A watchdog timer (WDT) is an essential component in real-time embedded systems, especially in multitasking environments. It provides a recovery mechanism to detect and handle system malfunctions. This article explains the role, working, and implementation of a general purpose WDT module suitable for multitasking systems using ARM Cortex processors.
Role of a Watchdog Timer
A WDT is basically a timer that needs to be periodically refreshed by the system software. If the software fails to refresh it within a configured time interval, the WDT will reset the system or trigger an interrupt. This acts as a safety mechanism to bring back the system from an unknown locked state to a known good state.
In a complex multitasking system, any task can get stuck in an infinite loop or deadlock situation. A WDT can detect such system malfunctions and reset the system before an unintended state is reached. The periodic refresh from software is an indication that the critical system tasks are functioning normally.
Working of a Watchdog Timer
A WDT peripheral has a counter register that increments every clock cycle. The counter has a maximum value equal to the timeout period. When the counter reaches the maximum value, the WDT resets the system or interrupts the processor. The software periodically writes to a refresh register to reset the counter and prevent it from timing out.
For example, if the timeout period is 1 second and the system clock is 1 MHz, the maximum counter value will be 1,000,000. The software must refresh the WDT within 1 second to avoid a timeout reset. This periodic refresh rate is called the WDT window.
The timeout period determines how soon the WDT can detect a system malfunction. A shorter timeout period will detect errors faster but requires more frequent refreshes. Typical timeout periods range from 100s of milliseconds to a few seconds.
The watchdog window is the periodic rate at which the software must refresh the WDT. It is always shorter than the full timeout period to provide an error margin. A common setting is to have a window that is 50-80% of the total timeout.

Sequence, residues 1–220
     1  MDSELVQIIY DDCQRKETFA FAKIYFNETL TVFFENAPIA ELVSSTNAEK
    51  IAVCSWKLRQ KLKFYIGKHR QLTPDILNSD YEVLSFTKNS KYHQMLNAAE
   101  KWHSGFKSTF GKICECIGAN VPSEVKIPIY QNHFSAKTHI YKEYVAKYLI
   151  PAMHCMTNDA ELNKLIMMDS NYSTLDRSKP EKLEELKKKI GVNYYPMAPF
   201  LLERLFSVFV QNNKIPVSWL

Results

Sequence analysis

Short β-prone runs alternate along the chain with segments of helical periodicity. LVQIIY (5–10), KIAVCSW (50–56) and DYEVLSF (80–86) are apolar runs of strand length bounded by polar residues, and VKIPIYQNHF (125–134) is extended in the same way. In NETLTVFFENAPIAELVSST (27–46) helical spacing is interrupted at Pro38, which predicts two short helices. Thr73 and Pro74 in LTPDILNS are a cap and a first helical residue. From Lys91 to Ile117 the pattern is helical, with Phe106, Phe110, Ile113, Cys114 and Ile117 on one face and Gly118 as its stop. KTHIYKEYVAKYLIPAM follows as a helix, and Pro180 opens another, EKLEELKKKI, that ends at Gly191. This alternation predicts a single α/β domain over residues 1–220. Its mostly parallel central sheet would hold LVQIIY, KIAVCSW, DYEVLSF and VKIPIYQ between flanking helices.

When a timeout occurs, the WDT can either reset the system or generate an interrupt. Resetting the system completely reinitializes all hardware and software states. Generating an interrupt gives a chance for the software to recover from the error.
Features of a General Purpose WDT
A general purpose WDT module suitable for multitasking embedded systems would have the following key features:
- Configurable timeout period and watchdog window
- Option to generate a system reset or an interrupt on timeout
- Ability to start/stop the WDT after system initialization
- Status flags to indicate refresh status and timeout events
- Option to lock down the WDT from unintended disables
- Interrupt generation on various fail cases like disabled WDT, refresh error etc.
WDT Design Considerations
Some key considerations while designing a general purpose WDT are:
The WDT timeout should be long enough for the software to refresh it under normal operation, but short enough to detect errors quickly. Typically 10s of milliseconds to a few seconds.
The window should account for worst-case refresh jitter from the software. Typically 50-80% of the full timeout.
Criticality of Tasks
For less critical tasks, a timeout can trigger an interrupt to attempt recovery. For critical tasks, a reset is safer. Both options should be available.
Refreshing the WDT should have defined interfaces and proper access mechanisms. Restricting refreshes only from the OS kernel is a good design practise.
The reset handlers or interrupt service routines should be designed to put the system into a known good state on WDT events.
Mechanisms to detect WDT refresh failures and WDT disable attempts should be present. The WDT module should be resilient against unintended disables.
Example Implementation on ARM Cortex-M
Here is an example implementation of a general purpose WDT peripheral for an ARM Cortex-M based microcontroller:
- Free running counter clocked by the core clock with reload value for timeout period
- Refresh register to reset the counter and refresh the WDT
- Status flags for timeout event, refresh status etc.
- Control bits to start/stop timer, generate interrupt/reset, lock enable etc.
- Connect counter timeout to system reset circuitry and processor NVIC
- Initialize WDT peripheral with timeout value and clock source
- Configure and enable WDT interrupt in the NVIC
- Start WDT after system initialization
- Refresh the WDT periodically within watchdog window by writing to the refresh register
- WDT interrupt service routine to handle recovery
- Backup reset handler to put system into known good state
- Configure required timeout and window values
- Enable WDT during system startup
- Refresh the WDT at least once every window period
- Service WDT interrupt and backup reset handler on timeout events
- Optionally lock down WDT to prevent unintended disable
This gives a flexible yet robust WDT implementation that can service a wide range of use cases on an ARM Cortex-M based processor.
A general purpose watchdog timer module is an essential reliability feature in multitasking systems. The configurability, failure handling mechanisms and ease of use determine how effective it is in practice. A well-designed WDT can detect and recover from a wide range of system malfunctions.